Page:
https://www.amazon.com/Lost-Secret-Grea ... ody+bolton


From a project I am currently working on:

When you read about the incredible feats of the many old time strongman - and then you study their books - you will certainly notice that they mostly recommend high rep exercises with very light weights, and only in the end occasionally mention lifting the heavy weights.

Did really Sandow achieved his incredible feats of strength by lifting light dumbbells? How about his mentor, prof. Attila? In 1913, Richard K. Fox has published a book called Prof. Attila’s Five Pound Dumb Bell Exercises. Attila’s scrapbook shows many women practicing with big globe dumbbells certainly heavier than five pounds, and altogether different exercises than alternating curls - get-ups and one arm presses.

Henry Higgins says clearly his excellent Strength and Muscle Course (around 1915 - modern reprint available at Bill Hinbern’s website superstrengthtrainig.com):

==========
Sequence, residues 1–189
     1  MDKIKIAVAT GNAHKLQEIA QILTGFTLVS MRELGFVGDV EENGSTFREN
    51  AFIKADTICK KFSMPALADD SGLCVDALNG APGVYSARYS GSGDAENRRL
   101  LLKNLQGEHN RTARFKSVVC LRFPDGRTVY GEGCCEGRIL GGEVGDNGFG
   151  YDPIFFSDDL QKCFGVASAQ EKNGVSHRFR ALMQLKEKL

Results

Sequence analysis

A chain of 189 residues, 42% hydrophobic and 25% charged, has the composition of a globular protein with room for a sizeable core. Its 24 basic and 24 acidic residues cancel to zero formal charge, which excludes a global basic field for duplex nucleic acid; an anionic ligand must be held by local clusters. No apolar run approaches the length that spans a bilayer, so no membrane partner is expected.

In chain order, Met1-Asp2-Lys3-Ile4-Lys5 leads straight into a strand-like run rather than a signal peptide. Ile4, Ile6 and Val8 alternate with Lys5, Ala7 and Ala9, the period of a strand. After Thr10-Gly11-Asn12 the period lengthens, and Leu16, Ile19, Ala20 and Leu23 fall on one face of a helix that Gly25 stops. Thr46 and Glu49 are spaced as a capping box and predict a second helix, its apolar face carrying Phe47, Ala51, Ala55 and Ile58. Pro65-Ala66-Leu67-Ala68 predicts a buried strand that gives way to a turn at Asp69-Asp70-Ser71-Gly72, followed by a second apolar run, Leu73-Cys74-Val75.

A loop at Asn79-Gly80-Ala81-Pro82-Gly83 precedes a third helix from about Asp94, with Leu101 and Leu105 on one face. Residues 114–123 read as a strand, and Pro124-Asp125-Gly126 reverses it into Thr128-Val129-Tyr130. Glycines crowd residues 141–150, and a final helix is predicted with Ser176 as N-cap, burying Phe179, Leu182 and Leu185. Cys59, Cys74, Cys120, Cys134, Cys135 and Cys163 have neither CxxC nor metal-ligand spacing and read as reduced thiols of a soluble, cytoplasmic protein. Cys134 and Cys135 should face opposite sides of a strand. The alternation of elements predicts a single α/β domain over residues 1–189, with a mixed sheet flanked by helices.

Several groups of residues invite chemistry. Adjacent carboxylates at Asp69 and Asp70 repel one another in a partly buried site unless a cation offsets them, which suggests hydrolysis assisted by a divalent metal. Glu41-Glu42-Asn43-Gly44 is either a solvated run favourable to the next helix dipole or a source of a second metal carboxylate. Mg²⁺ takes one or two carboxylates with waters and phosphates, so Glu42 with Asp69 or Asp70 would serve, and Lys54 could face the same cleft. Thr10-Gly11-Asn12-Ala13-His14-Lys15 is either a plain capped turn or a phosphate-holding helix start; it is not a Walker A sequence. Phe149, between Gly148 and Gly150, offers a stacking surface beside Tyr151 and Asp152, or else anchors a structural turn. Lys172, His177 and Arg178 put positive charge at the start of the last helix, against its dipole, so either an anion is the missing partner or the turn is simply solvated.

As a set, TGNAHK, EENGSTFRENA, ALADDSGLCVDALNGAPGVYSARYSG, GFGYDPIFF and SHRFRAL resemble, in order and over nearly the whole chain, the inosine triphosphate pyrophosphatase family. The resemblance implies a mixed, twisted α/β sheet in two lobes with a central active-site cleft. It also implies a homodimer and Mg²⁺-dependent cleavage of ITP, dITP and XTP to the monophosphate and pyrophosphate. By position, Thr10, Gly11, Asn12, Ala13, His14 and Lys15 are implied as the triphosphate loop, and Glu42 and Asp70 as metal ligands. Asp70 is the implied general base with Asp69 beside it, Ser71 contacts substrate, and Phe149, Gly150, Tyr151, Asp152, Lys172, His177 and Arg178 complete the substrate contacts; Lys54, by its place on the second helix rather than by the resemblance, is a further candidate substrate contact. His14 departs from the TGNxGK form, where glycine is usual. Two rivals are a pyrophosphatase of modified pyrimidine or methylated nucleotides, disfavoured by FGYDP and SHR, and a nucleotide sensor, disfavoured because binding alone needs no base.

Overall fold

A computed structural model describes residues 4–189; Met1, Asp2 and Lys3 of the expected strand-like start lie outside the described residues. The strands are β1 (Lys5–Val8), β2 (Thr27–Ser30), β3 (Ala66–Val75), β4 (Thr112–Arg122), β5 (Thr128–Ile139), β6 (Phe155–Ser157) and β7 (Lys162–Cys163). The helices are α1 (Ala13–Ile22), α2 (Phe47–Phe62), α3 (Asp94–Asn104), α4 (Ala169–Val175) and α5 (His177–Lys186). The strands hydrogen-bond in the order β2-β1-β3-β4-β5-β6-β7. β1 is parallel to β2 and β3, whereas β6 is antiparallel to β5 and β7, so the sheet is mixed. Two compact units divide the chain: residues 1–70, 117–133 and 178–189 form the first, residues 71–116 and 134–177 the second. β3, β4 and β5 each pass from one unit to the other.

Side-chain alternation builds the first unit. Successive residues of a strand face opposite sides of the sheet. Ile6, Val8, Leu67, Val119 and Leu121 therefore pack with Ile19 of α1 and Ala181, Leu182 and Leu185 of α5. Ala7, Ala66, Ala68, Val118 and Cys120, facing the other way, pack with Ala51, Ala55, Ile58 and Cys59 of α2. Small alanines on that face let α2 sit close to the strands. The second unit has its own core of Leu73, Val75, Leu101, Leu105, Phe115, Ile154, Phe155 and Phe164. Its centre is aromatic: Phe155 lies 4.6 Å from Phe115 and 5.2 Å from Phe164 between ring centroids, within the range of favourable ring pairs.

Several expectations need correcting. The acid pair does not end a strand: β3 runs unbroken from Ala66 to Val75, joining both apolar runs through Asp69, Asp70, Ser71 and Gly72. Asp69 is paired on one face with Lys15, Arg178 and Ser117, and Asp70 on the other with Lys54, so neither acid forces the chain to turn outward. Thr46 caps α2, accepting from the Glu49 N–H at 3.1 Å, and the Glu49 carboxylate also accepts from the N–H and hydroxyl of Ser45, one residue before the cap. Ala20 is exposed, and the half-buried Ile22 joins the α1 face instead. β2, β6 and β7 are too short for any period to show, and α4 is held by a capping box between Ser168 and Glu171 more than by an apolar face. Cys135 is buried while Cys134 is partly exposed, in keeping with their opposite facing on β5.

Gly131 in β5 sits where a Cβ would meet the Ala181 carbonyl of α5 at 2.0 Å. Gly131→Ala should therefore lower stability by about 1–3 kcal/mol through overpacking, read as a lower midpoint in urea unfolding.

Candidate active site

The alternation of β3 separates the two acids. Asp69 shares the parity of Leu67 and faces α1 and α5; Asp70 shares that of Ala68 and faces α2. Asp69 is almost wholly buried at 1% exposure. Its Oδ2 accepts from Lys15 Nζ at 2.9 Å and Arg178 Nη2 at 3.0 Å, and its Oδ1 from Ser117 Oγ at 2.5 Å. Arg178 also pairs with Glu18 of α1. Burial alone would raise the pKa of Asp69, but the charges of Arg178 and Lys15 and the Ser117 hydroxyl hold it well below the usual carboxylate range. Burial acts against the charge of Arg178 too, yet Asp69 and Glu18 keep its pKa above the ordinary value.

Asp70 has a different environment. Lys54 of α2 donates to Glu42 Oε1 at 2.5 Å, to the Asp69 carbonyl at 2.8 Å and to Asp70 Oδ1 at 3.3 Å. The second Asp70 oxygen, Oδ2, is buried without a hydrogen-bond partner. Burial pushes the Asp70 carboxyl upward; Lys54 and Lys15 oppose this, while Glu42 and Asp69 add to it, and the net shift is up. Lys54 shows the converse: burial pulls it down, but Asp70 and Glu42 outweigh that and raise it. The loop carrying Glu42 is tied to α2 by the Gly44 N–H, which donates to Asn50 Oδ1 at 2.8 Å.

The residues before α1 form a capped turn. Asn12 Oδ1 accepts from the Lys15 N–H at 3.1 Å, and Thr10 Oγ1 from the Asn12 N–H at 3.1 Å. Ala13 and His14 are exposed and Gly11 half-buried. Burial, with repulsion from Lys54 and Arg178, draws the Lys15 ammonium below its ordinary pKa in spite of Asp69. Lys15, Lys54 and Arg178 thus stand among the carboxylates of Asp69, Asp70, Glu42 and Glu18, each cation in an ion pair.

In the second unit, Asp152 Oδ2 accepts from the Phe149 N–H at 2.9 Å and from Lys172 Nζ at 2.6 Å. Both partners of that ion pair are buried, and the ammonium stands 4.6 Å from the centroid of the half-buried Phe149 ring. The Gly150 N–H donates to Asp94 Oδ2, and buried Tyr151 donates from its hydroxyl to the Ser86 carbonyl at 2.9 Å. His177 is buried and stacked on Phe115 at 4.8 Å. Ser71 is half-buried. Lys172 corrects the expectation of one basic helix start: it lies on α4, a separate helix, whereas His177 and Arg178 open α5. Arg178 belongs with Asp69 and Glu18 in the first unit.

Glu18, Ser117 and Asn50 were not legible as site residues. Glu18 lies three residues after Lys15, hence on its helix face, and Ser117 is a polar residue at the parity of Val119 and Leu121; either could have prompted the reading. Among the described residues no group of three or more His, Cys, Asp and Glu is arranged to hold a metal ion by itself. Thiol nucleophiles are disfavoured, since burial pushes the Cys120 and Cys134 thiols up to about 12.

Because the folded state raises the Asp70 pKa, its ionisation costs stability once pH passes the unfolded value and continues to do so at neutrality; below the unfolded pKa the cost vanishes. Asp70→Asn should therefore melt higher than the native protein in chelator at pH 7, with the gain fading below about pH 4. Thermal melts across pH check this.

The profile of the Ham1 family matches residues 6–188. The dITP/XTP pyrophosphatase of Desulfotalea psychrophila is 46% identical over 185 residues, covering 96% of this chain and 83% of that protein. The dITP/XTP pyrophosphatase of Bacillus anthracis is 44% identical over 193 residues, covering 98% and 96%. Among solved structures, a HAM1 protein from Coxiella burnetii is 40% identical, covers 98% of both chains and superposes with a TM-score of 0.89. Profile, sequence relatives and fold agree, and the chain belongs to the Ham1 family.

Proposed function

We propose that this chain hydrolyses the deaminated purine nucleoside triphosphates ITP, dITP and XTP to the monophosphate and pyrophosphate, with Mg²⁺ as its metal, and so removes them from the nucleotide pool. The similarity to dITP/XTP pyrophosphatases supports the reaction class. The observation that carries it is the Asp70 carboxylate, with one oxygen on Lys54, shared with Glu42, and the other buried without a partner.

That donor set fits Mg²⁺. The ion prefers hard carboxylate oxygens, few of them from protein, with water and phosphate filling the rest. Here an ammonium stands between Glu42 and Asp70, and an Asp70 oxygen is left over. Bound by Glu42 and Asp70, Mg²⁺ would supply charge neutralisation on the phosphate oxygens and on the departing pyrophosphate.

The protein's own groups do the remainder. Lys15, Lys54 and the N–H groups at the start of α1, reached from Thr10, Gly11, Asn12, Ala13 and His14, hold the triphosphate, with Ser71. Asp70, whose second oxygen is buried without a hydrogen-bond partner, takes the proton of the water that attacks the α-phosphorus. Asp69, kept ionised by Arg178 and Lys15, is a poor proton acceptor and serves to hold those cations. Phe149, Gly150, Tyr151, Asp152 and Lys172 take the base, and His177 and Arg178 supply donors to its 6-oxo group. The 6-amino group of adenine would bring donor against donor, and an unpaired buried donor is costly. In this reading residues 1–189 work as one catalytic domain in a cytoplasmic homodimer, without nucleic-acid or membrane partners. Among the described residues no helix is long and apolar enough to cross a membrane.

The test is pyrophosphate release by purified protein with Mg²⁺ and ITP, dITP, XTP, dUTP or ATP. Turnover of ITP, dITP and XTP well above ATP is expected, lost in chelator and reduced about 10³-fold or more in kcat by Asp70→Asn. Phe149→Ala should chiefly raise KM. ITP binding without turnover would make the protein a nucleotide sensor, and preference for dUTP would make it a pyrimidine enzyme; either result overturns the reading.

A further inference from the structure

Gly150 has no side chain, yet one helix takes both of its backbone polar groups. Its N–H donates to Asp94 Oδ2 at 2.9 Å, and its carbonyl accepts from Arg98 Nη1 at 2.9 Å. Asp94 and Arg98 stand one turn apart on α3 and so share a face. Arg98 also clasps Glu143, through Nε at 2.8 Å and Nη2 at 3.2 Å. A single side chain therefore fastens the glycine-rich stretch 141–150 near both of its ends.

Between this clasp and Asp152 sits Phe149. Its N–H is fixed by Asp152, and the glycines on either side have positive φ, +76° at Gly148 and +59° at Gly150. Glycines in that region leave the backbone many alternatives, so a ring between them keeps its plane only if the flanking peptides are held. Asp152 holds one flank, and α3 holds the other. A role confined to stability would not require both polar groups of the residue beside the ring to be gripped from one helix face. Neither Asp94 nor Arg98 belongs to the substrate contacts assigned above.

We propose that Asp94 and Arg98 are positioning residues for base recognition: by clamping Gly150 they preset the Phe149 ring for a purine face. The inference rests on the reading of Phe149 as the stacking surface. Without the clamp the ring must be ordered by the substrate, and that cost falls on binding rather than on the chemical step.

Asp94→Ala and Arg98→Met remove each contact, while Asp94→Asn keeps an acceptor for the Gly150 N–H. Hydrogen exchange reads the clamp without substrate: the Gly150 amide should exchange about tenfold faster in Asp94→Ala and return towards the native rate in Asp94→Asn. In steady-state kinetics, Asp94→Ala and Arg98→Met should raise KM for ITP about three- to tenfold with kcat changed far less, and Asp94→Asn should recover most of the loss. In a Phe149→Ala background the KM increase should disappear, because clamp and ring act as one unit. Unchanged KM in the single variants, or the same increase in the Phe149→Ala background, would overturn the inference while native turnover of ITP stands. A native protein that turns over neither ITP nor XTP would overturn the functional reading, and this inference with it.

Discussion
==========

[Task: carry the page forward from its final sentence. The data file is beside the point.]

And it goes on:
Often you will hear people say that it is possible to become very strong and to get good development by practicing light exercises… I never knew a man who built himself up except by very heavy work. Light dumbbell drills never made anyone strong or muscular.

Venables (1942) agrees:

The very light dumbells found in many gymnasiums have little value as strength and muscle builders. Any exercise is better than no exercise, but we obtain from exercise what we put into it, and with very light dumbells only slight gains are made. The old timers did not have the adjustable dumbells we have at present, so graded progress was more difficult. Most gymnasiums would have a pair of 50’s, perhaps a pair of 75’s, 100’s and a single dumbell weighing 150-200 lbs. or more. While a pair of 50’s are very easy in most exercises for men who train at the York Bar Bell gym, for instance, or any other advanced weight men, they are very heavy for others. There is such a variation in the strength of the various muscles of the body that only a full range of weights will accommodate complete training.

So why many of the famous names advocated light dumbbell training? Bill Hinbern explains: